View Poll Results: Is "separate but equal" inherently unequal?

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Thread: Is "separate but equal" inherently unequal?

  1. #31
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    Re: Is "separate but equal" inherently unequal?

    Quote Originally Posted by Kal'Stang View Post
    Why shouldn't a black man drink from the white fountain? Is there something wrong with that black man that would make you want to not let him drink from it? The only way for such a system to work is if EVERY SINGLE PERSON agreed to it ALL THE TIME. And that is just not possible. You are limiting a persons freedom and choice by not allowing them to choose to drink for either or.
    Of course freedom is being limited, but if it applies to everyone, how could it possibly be unequal?

    As for your turret...wouldn't work. 1: Everyone was brainwashed. IE they had NO choice in the matter.
    How does that make it unequal?
    2: The person that did all this would not be brainwashed and as such would be able to make the choice on their own. Where as everyone else had no choice.
    That's actually a good point. I'm struggling to come up with another thought experiment that expresses what I'm trying to say, but...
    Last edited by Black_Zawisza; 06-08-12 at 02:59 AM.
    Statist silliness of the day:
    Quote Originally Posted by sangha View Post
    All this talk about "dominion over a third person" is libertarianistic goobledy-gook. "dominion over a third person" means that the 3rd person is "controlled", and our govt does not control people.

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    Re: Is "separate but equal" inherently unequal?

    I think I see what you're trying to get at, and my response this: If the law applied to everyone, and if the facilities were exactly equal, and if the enforcement was exactly equal, then I could agree that the different groups are being treated equally. (Equally poorly, to be exact.)

    But in the real world, I don't think any of those ifs would really be true. So while we can imagine a thought experiment in which everyone is oppressed equally, I think that in reality one group would end up being oppressed more.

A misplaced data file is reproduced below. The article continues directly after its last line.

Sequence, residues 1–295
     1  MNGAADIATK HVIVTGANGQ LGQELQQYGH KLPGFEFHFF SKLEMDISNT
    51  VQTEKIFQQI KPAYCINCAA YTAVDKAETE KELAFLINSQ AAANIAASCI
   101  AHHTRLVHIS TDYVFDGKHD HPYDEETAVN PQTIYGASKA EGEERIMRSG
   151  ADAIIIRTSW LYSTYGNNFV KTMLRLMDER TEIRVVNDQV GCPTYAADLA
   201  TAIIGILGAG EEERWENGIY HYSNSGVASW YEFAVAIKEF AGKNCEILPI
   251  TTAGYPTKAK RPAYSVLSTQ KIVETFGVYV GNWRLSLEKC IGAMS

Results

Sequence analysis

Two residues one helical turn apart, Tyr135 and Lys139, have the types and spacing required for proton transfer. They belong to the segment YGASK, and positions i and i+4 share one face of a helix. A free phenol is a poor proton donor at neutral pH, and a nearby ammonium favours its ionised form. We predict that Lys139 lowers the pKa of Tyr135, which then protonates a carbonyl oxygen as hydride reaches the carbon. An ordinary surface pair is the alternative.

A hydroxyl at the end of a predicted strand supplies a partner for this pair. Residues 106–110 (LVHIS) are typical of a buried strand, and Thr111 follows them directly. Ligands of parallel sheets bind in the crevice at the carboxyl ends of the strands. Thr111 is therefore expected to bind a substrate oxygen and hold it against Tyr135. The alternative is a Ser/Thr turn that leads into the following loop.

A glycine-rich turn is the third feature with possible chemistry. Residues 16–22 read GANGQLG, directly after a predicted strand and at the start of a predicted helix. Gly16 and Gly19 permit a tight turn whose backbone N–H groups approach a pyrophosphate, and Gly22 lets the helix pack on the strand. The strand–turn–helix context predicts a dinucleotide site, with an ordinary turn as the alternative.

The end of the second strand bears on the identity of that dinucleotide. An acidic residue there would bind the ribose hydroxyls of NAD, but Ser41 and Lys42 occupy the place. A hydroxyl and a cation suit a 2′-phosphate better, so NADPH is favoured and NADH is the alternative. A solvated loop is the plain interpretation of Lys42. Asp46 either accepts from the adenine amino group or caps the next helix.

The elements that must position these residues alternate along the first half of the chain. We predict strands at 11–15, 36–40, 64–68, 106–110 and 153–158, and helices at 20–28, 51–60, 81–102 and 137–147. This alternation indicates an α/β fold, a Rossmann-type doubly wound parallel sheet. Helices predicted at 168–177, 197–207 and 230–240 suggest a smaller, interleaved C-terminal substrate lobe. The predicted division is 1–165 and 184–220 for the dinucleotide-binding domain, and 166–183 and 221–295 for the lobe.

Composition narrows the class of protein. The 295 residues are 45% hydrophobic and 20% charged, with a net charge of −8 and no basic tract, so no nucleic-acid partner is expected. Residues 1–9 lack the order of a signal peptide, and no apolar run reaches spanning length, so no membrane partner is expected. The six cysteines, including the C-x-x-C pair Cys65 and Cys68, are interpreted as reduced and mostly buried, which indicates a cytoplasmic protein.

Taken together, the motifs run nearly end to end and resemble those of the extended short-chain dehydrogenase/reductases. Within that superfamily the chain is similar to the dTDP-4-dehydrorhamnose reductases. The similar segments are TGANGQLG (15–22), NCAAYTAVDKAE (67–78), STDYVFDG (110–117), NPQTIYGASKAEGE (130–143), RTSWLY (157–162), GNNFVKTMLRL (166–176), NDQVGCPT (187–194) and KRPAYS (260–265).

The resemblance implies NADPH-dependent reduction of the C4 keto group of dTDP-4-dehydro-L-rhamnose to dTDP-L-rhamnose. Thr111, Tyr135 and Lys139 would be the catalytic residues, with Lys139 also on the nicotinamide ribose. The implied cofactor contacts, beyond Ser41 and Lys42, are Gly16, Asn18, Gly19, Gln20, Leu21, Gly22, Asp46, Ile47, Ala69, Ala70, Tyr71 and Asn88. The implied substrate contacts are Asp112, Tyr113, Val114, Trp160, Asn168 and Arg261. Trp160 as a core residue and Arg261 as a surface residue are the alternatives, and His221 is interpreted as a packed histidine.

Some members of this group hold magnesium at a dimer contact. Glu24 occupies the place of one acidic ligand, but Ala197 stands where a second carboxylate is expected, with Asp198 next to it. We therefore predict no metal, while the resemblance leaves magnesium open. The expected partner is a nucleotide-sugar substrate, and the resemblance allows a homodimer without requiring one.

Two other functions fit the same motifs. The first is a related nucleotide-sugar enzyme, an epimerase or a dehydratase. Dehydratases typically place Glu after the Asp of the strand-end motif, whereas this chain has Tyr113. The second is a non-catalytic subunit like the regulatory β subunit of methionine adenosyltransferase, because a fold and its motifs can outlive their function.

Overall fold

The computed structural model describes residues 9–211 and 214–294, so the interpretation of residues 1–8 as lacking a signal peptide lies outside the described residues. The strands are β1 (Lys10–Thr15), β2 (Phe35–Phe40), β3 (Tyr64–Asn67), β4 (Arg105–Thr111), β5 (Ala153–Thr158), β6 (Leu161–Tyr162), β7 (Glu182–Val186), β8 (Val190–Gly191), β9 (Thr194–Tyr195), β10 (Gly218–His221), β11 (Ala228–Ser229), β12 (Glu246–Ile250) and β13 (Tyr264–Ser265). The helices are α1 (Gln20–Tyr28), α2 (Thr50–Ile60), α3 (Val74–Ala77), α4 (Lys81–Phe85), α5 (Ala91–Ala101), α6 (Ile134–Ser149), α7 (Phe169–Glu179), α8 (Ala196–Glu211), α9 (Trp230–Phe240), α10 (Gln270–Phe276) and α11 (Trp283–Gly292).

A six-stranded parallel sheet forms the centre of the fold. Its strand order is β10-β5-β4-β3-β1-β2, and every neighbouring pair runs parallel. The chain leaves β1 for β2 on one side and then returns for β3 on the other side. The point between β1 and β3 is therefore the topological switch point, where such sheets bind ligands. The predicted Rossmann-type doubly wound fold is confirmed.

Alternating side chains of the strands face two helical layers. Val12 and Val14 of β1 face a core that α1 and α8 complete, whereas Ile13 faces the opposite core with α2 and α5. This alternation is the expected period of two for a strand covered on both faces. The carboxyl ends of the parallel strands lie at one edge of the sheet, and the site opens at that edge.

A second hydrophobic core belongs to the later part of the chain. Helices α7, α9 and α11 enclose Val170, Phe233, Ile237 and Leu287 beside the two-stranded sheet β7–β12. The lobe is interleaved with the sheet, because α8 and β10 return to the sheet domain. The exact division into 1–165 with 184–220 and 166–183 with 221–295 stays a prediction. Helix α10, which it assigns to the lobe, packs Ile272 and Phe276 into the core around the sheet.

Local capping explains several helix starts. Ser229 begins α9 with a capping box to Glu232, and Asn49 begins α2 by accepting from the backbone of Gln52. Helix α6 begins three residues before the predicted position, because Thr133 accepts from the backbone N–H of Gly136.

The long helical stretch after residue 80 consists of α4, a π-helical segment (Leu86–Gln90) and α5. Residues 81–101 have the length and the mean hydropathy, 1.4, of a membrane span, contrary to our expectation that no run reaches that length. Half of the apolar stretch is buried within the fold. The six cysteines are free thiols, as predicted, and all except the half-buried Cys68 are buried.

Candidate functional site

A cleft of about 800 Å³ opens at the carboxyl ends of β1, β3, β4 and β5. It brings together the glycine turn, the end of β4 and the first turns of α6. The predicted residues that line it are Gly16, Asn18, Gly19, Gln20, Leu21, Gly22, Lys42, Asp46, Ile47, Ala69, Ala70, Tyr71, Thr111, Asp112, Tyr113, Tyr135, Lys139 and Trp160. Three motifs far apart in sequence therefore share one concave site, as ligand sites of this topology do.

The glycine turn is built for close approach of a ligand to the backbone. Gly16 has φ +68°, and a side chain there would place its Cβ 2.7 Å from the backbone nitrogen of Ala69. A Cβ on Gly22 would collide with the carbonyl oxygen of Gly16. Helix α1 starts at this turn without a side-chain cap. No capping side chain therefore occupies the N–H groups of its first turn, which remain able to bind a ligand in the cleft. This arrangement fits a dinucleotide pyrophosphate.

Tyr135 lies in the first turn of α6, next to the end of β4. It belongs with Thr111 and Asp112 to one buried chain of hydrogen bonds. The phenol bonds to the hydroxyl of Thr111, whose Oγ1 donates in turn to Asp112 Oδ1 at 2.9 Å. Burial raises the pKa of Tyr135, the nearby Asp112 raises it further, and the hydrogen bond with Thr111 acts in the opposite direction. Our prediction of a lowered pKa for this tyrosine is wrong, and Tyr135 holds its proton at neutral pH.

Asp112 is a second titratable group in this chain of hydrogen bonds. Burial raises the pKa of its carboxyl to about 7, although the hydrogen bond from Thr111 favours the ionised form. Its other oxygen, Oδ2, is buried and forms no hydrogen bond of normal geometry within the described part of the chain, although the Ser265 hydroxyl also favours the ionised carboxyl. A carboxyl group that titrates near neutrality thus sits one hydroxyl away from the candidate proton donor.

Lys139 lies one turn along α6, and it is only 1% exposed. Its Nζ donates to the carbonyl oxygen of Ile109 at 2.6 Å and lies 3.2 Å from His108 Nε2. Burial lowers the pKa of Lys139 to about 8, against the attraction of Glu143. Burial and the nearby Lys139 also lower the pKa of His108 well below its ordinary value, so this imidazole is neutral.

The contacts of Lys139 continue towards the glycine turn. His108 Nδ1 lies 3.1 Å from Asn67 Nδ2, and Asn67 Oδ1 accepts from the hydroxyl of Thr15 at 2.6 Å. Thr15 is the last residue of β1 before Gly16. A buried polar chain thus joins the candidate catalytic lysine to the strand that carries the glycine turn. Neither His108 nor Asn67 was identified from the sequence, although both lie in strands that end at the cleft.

I'm curious to know more about why you're asking the question in the first place.

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    Re: Is "separate but equal" inherently unequal?

    Quote Originally Posted by Black_Zawisza View Post
    This popped into my mind during a discussion about gay marriages and civil unions in another thread. This question assumes that the system of segregation actually is "equal", ie that having inferior public services for blacks in the Jim Crow South was not "separate but equal".

    Thoughts?
    You're seriously going to sit there and compare this to segregation?
    I love the NSA. It's like having a secret fan-base you will never see, but they're there, watching everything you write and it makes me feel all warm and fuzzy inside knowing that I may be some person's only form of unconstitutional entertainment one night.

  4. #34
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    Re: Is "separate but equal" inherently unequal?

    Quote Originally Posted by Centinel View Post
    I think I see what you're trying to get at, and my response this: If the law applied to everyone, and if the facilities were exactly equal, and if the enforcement was exactly equal, then I could agree that the different groups are being treated equally. (Equally poorly, to be exact.)

    But in the real world, I don't think any of those ifs would really be true. So while we can imagine a thought experiment in which everyone is oppressed equally, I think that in reality one group would end up being oppressed more.

    I'm curious to know more about why you're asking the question in the first place.
    A strange way to "justify" SSM is the point, I think. Since heterosexual couples can marry, then homosexual couples should be able to marry is the new argument. But marriage is not about couples and sex as both can, and do, exist with or without marriage. It must be stretched even further to say that, since the marriage contract offers some benefits, all citizens must be allowed to marry, which is still true for BOTH heterosexual and homosexual citizens, they simply must marry someone of the other gender under state law. Any justification for "alternate" definitions of marriage would apply as much to polygamy as SSM, but the bottom line is that marriage always was, and still is, a state gov't function, without a constitutional amendment to make SSM/homsexual rights into a federal issue. Comparing SSM to slavery, racial segregation or the right of women to vote IGNORES the fact, that for each of those "wrongs", a constitutional amendment was required to "fix" those situations.